Cryptocurrency’s Growth in the Gulf

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Cryptocurrency’s Growth in the Gulf

Banking on Bitcoin: Cryptocurrency’s Growth in the Gulf

Despite fears of a ‘Bitcoin bubble’, the cryptocurrency is gaining traction in the Gulf, where a handful of operators are promoting the low cost and relative security of virtual transactions. Among them are exchange houses, who are looking to bitcoin to help reverse a decline in global remittances.

The new offshoot, Bitcoin Cash, is built on a new version of blockchain technology that promises faster transactions, via an eight megabyte ‘block’ versus the original Bitcoin’s one megabyte. This means it can charge lower fees to customers moving money via its platform. Traders were excited. Bitcoin Cash surged 40 percent in a single day on Friday August 18, to hit $655, and although it fell 20 percent the following Monday it remains up about 110 percent since its launch at the start of the month. Meanwhile, the original Bitcoin is still strong, trading at more than $4,000 after hitting an all-time high of $4,522 the same Friday, with a market value of $70bn. It is the second biggest digital currency by market capitalisation, behind Ethereum and above Bitcoin Cash.

In the Gulf, the Bitcoin trading boom has had less of an impact as the industry remains underdeveloped. However, experts claim investor enthusiasm in the US could shine a useful spotlight on a virtual money transfer system still struggling to reach the mainstream. Bitcoin is a virtual currency that allows users to exchange online credits for goods and services for a minimal fee. The blockchain technology behind it is a public and transparent ledger of all Bitcoin transactions. With the GCC accounting for a substantial proportion of global remittances, foreign exchange houses are big business and many say incorporating Bitcoin-enabling technology would be commercially advantageous, as it would help them to cut costs and provide better services to customers. Other exchange houses in the GCC are viewing Bitcoin as an important development. UAE Exchange invested in two blockchain-based companies, Loyyal and Bankchain, in the first half of 2017 and is in talks with a third – a firm statement of its confidence in the nascent technology.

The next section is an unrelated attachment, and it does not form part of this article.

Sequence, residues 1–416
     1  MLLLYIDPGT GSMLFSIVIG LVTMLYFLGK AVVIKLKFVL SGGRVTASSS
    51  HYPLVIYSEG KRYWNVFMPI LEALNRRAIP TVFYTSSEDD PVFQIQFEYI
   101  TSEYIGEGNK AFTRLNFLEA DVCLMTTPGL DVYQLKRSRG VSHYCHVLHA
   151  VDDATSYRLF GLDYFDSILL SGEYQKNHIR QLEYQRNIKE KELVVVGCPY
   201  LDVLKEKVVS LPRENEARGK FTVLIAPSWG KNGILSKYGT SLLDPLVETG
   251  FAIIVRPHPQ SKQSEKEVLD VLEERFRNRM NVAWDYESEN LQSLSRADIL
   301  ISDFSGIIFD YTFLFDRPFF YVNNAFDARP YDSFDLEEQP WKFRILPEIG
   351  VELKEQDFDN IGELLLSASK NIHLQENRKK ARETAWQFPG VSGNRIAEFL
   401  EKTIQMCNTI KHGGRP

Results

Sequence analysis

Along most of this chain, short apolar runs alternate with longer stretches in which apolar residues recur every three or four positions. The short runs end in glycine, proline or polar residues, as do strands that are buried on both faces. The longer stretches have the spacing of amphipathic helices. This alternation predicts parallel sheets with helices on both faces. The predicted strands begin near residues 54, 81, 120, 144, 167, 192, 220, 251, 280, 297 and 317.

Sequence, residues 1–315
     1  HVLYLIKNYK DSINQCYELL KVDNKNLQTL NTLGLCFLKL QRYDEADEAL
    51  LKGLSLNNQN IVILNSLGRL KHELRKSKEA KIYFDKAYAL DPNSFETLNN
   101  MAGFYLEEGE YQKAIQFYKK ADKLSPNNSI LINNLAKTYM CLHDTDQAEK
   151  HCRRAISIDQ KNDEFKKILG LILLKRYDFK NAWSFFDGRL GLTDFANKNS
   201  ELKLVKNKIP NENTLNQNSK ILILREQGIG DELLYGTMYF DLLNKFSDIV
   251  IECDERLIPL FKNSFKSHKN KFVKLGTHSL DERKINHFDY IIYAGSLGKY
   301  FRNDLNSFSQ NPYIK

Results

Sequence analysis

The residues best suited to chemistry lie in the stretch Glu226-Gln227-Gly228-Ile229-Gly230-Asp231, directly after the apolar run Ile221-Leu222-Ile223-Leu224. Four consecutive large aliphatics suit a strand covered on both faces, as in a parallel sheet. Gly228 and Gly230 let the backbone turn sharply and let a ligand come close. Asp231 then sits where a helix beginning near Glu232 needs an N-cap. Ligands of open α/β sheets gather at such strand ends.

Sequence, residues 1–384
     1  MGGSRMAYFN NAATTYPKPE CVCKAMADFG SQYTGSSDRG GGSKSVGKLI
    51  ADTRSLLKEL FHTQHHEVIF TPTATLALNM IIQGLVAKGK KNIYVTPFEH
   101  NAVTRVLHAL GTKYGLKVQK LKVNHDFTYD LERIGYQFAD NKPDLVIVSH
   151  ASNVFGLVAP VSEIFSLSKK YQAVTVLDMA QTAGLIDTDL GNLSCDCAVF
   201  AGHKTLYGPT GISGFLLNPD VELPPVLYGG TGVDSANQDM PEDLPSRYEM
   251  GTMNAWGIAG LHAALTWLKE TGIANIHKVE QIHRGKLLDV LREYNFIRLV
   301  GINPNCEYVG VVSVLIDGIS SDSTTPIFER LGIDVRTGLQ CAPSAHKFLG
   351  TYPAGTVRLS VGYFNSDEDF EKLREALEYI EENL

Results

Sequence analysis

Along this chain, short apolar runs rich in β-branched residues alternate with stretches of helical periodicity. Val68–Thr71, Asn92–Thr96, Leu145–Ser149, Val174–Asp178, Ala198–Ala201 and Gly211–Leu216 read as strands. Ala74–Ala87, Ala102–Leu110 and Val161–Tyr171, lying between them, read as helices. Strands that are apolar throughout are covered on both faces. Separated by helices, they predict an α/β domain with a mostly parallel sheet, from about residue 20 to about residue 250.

The industry is certainly growing, with new global players entering the market almost every week. A system called Litecoin has recently been touted as the future “digital gold” and is apparently a useful solution for small, day-to-day payments, or micro-transactions. Some experts predict it could even gain global momentum as a non-correlated asset class.

Meanwhile, BitOasis’ Doudin claims to have seen increasing interest from a range of parties, including governments, regulators, free zones — Dubai International Financial Centre (DIFC) and Abu Dhabi Global Market (ADGM) have both developed fintech frameworks — banks and customers, and predicts that “over the next two years the space will mature”.